Over at the PBS IdeaLab blog, I wrote something earlier this week about what I think of as Q&A 2.0, the recent string of modern, general purpose question & answer sites exploring different ways to gather, filter, and deliver information.
And that’s the right way to think about it: Gather, filter, and deliver information. That’s a basic function of journalism, right?
Here’s one of my takeaways from a short tour of a few Q&A 2.0 spots:
“From Quora, we learn the value of frictionless real-time interfaces. Don’t assume your application has to follow patterns generated by its predecessors. You’re building next year’s tools, not last year’s.”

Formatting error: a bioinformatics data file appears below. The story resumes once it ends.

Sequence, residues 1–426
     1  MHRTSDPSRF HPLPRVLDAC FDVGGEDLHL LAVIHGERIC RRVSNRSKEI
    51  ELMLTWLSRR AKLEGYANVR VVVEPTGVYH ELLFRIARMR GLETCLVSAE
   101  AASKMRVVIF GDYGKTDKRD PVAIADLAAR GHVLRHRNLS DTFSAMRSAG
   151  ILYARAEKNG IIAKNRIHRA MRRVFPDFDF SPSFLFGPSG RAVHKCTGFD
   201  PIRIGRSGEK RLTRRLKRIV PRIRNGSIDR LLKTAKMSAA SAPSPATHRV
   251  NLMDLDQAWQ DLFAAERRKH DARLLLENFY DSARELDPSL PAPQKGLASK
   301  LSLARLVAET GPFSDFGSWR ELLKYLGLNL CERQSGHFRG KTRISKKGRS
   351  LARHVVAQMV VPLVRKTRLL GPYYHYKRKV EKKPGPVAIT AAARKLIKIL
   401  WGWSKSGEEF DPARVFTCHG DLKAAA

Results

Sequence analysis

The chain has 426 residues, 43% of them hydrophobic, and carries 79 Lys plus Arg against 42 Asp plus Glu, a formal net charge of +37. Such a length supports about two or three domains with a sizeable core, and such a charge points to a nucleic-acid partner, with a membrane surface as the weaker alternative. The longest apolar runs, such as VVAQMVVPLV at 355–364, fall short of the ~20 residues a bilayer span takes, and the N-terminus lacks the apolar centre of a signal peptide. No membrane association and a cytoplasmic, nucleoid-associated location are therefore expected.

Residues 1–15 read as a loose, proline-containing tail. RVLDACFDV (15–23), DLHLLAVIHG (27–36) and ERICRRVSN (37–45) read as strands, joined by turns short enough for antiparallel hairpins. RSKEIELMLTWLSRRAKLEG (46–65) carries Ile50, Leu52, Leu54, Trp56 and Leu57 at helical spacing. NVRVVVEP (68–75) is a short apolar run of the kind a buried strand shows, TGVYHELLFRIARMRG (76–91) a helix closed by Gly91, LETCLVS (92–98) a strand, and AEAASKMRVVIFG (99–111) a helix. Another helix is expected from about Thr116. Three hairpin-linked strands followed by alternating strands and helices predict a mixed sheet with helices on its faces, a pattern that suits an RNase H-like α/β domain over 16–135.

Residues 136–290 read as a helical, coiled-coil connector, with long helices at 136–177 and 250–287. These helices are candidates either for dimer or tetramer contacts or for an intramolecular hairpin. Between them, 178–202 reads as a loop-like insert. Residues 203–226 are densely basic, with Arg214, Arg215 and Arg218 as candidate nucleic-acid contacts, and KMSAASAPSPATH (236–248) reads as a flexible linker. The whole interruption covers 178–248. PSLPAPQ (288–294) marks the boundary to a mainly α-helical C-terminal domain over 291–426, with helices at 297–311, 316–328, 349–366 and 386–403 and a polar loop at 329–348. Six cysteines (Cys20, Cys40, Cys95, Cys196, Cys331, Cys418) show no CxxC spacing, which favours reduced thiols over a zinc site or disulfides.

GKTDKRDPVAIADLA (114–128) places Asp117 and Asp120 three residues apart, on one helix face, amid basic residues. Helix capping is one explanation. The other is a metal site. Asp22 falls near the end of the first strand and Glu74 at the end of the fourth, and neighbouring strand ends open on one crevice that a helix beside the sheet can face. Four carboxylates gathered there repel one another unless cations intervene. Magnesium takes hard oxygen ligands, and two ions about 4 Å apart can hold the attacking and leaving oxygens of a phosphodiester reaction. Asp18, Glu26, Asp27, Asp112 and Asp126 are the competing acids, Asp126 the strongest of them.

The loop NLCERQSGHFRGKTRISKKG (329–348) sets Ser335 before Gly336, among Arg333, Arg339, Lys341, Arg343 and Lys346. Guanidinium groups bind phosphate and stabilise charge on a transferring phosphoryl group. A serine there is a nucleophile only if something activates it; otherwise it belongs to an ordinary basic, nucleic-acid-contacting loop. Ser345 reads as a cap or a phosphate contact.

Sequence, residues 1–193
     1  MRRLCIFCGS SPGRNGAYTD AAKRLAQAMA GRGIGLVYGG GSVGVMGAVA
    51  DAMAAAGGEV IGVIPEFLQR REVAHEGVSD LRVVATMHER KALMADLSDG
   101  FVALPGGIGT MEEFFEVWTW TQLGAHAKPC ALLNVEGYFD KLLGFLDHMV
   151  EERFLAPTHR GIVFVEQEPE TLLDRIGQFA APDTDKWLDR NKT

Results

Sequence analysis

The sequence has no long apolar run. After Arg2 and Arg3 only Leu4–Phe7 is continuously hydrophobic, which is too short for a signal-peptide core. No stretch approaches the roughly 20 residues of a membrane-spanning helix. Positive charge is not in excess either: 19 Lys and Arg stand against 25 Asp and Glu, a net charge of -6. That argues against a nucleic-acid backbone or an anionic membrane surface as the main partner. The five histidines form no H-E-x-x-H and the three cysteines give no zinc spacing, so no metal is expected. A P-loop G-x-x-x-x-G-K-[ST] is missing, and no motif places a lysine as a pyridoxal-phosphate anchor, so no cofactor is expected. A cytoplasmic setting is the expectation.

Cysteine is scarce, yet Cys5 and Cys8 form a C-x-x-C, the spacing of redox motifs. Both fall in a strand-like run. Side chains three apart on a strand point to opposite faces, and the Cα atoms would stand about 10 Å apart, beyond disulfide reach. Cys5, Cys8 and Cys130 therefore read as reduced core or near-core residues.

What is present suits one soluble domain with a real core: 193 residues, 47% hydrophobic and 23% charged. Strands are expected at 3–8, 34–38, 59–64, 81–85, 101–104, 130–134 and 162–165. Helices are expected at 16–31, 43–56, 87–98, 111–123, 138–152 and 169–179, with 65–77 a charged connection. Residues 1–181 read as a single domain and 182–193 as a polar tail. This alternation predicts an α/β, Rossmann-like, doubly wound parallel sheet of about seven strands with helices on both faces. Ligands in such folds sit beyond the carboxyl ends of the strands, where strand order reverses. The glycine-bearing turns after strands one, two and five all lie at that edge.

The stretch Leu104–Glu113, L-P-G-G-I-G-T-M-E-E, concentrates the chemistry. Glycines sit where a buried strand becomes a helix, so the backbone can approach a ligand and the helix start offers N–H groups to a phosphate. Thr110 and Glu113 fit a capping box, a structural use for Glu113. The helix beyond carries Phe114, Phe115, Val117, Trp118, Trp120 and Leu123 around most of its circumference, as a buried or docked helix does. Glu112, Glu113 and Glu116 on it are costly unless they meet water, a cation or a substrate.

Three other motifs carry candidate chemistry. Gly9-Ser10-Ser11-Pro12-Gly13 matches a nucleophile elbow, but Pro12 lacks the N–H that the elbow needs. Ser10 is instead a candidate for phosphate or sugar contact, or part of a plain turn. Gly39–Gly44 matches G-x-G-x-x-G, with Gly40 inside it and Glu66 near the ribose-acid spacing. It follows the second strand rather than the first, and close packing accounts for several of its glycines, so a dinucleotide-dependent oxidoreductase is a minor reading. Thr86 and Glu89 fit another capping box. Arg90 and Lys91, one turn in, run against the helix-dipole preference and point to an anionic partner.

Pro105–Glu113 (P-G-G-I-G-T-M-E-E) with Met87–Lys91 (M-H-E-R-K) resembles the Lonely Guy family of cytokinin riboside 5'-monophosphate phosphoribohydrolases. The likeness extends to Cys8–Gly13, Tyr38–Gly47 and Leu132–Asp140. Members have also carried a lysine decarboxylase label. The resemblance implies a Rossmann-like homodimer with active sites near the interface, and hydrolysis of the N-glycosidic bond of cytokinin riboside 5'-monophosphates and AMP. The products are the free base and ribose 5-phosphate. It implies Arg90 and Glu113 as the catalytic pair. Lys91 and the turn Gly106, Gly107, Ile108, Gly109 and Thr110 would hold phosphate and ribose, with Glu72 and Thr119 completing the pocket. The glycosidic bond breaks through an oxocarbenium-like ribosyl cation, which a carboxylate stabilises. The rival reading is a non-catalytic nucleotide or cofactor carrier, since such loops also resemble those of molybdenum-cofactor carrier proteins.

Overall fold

That’s a critical idea for anyone building user interfaces these days, isn’t it? Learn from best practices if you’re building, say, a hyperlocal news site, but you shouldn’t feel obliged to assume you need all the same pieces every other news site in history has ever had. It’s fine to emulate success, and well-designed presentations, but if you’re not trying anything new, the odds are long that you’re building something innovative, something that’s moving the needle ahead, something with a chance at mass, transformative appeal.
In other words, it’s OK to have new ideas. But I don’t need to tell you that, right?